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Drug discovery and development

Researchers modify peptides from cone snails in quest for neuropathic pain therapy

Modified peptides from cone snails have the potential to provide relief to patients with neuropathic pain.

Researchers in Australia have modified peptides from cone snails (pictured) to provide a potential for relief to patients with hard-to-treat neuropathic pain

Source: Richard Ling / Wikimedia Commons

Cone snails are predatory marine snails whose venom bulb and duct is home to hundreds of conotoxins

Researchers in Australia have modified peptides from cone snails, beautiful but toxic snails found largely in the tropics, which have the potential to provide relief to patients with hard-to-treat neuropathic pain, a condition that affects around 35 million people worldwide.

Cone snails are predatory marine snails whose venom bulb and duct is home to hundreds of venomous peptides or conotoxins, delivered through the snail’s hypodermic-like radula or tooth. Across the different species, conotoxins include up to a million different peptides, mostly 12–40 amino acids long. Many of these target a range of ion channels and receptors that are of interest in pain research, including calcium, potassium and sodium channels, noradrenaline transporters and 5HT3 receptors. One of the key challenges, however, is the vulnerability of the peptides to proteolysis. A synthetic form of a conotoxin, ziconotide (SNX-111; Prialt) is already on the market but this has to be delivered using an intrathecal pump.

“Natural peptides generally need to be re-engineered,” said David Craik, University of Queensland, at BIOPROSP_15, a biannual bioprospecting conference, held in the northern Norwegian city of Tromsø in February 2015. “Cyclisation of the conotoxins should improve their stability.”

Craik’s team has created a cyclised form of α-conotoxin Vc1.1, IMB007, by adding a linker of six amino acids. This modification has increased the molecule’s activity as a GABAB agonist six-fold, while improving its stability in simulated gastric and intestinal fluid, and maintaining its biological activity in plasma. In an animal model of neuropathic pain (chronic constriction injury model in rats), IMB007 had similar effects to the analgesic and anticonvulsant gabapentin (Neurontin) but at a 100-fold lower dose.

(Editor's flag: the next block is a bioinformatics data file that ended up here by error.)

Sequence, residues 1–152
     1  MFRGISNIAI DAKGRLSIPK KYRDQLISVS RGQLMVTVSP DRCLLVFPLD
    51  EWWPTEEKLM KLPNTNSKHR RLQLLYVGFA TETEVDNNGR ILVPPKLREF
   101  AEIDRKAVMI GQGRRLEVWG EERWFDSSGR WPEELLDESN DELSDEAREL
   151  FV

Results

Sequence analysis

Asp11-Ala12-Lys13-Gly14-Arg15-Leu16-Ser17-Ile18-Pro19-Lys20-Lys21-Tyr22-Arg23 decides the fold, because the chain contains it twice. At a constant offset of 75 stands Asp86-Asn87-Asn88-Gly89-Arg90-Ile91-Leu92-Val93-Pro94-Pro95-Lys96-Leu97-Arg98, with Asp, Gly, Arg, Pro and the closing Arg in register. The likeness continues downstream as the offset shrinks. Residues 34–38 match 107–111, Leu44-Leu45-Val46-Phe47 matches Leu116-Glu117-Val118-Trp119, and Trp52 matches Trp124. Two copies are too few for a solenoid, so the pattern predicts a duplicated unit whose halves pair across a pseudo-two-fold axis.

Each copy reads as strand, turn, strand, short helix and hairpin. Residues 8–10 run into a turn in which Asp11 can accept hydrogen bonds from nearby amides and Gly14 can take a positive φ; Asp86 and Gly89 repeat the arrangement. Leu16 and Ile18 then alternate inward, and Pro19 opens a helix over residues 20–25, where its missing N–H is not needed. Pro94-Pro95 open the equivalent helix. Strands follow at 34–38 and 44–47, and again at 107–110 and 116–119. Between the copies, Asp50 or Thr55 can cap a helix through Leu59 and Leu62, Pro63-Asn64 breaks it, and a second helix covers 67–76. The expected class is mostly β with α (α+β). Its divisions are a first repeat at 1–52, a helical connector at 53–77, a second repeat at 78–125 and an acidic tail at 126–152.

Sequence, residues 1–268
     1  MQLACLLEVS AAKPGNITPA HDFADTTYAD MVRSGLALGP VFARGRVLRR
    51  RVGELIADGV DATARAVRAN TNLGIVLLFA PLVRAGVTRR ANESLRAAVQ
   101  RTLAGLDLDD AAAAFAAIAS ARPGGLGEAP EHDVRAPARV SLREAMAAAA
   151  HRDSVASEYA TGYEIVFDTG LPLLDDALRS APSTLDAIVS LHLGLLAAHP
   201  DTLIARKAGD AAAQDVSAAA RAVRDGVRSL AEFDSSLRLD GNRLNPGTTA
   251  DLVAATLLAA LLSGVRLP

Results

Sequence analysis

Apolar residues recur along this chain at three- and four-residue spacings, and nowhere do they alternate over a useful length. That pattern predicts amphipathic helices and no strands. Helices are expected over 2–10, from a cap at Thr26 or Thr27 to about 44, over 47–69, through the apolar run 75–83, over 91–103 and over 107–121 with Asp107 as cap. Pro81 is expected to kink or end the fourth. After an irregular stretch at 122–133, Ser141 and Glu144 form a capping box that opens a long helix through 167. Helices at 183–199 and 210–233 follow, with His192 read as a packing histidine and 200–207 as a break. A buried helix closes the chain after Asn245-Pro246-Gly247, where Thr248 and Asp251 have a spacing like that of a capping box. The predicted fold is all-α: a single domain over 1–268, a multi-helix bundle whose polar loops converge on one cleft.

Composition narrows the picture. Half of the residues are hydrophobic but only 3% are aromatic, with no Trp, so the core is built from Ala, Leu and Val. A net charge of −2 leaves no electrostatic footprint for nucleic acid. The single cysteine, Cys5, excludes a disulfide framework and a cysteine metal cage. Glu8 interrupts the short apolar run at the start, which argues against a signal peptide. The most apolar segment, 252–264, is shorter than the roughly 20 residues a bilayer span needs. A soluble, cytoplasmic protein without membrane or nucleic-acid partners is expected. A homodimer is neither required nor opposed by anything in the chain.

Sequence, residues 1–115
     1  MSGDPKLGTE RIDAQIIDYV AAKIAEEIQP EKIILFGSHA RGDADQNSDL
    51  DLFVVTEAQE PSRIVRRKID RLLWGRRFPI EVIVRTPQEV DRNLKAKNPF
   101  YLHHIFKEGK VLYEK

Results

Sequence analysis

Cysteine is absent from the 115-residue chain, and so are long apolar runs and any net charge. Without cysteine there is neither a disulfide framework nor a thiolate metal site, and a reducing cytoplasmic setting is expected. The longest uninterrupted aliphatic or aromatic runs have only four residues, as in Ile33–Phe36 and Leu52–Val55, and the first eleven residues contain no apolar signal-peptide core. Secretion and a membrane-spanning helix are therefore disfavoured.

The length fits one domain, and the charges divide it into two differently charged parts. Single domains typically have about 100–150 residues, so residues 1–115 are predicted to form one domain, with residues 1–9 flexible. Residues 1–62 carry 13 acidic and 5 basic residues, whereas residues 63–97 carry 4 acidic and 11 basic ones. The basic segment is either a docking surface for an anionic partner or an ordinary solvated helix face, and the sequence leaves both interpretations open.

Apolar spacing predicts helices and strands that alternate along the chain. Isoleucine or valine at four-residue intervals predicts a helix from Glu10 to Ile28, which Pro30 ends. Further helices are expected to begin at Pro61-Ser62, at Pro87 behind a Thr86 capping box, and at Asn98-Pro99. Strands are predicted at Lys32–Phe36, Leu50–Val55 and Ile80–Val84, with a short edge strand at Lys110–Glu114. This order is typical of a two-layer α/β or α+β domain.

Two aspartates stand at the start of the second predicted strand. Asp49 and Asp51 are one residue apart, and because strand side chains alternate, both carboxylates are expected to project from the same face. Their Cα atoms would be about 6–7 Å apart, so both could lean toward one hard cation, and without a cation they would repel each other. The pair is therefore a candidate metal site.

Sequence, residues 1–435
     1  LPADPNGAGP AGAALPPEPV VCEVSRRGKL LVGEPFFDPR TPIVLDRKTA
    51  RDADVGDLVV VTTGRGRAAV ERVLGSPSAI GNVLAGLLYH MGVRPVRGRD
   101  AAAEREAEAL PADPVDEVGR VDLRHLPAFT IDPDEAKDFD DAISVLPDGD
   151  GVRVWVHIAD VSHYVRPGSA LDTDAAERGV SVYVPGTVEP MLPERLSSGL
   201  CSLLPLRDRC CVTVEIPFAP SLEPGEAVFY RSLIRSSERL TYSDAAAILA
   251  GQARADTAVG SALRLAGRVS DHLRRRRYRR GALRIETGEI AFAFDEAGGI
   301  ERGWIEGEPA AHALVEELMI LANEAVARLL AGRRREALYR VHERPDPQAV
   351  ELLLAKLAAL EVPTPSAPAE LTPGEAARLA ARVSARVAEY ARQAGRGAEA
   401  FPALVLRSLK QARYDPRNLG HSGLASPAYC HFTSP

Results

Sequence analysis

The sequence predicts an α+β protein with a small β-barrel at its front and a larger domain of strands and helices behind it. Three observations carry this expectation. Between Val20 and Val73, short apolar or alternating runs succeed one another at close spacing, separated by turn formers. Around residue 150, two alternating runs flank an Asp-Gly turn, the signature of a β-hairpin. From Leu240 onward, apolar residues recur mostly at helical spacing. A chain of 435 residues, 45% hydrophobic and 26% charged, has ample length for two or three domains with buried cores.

While IMB007 is very potent in this model, its low oral bioavailability is likely to hamper its attractiveness to the pharmaceutical industry, according to Craik. Optimisation is ongoing, and the university is seeking investors or licensees to take IMB007 into clinical trials, and to further develop the technology platform.

As well as pain, conotoxin peptides could have potential in neuromuscular disorders, stroke, nicotine addiction, obesity, Alzheimer’s disease, Parkinson’s disease, depression and epilepsy.

“The peptide work performed by the Craik group is truly pioneering and represents plausible steps towards both classical and novel types of therapeutics in the future,” says Johan Svenson, a senior scientist at the SP Technical Research Institute of Sweden, who was not involved in the research. “The diverse bioactivities displayed by these natural peptides makes them a rich source of starting material in the search for new drugs against a range of disorders currently poorly managed.”

One of the major hurdles for the development of peptide-based drugs is the cost of production. Many plants, including sunflowers, naturally produce orally-stable cyclic peptides. In a bit of ‘blue sky’ thinking, Craik suggested that one route to production could be by creating edible plant-based formulations.

While there are a lot of potential hurdles for these products, such as understanding how to manage dosing levels for foods, determining how cooking methods could affect the therapeutic effects, or managing the complex regulatory challenge, Craik suggested that these potential functional foods could offer hope for people with chronic pain who need long-term treatment.

These patients are underserved by current drugs, he said, which can have a range of sedative side effects, and may only help 30–40% of patients. Plant-based production methods are also cheaper, which could improve access to drugs for low-income markets.

Citation: The Pharmaceutical Journal DOI: 10.1211/PJ.2015.20068049

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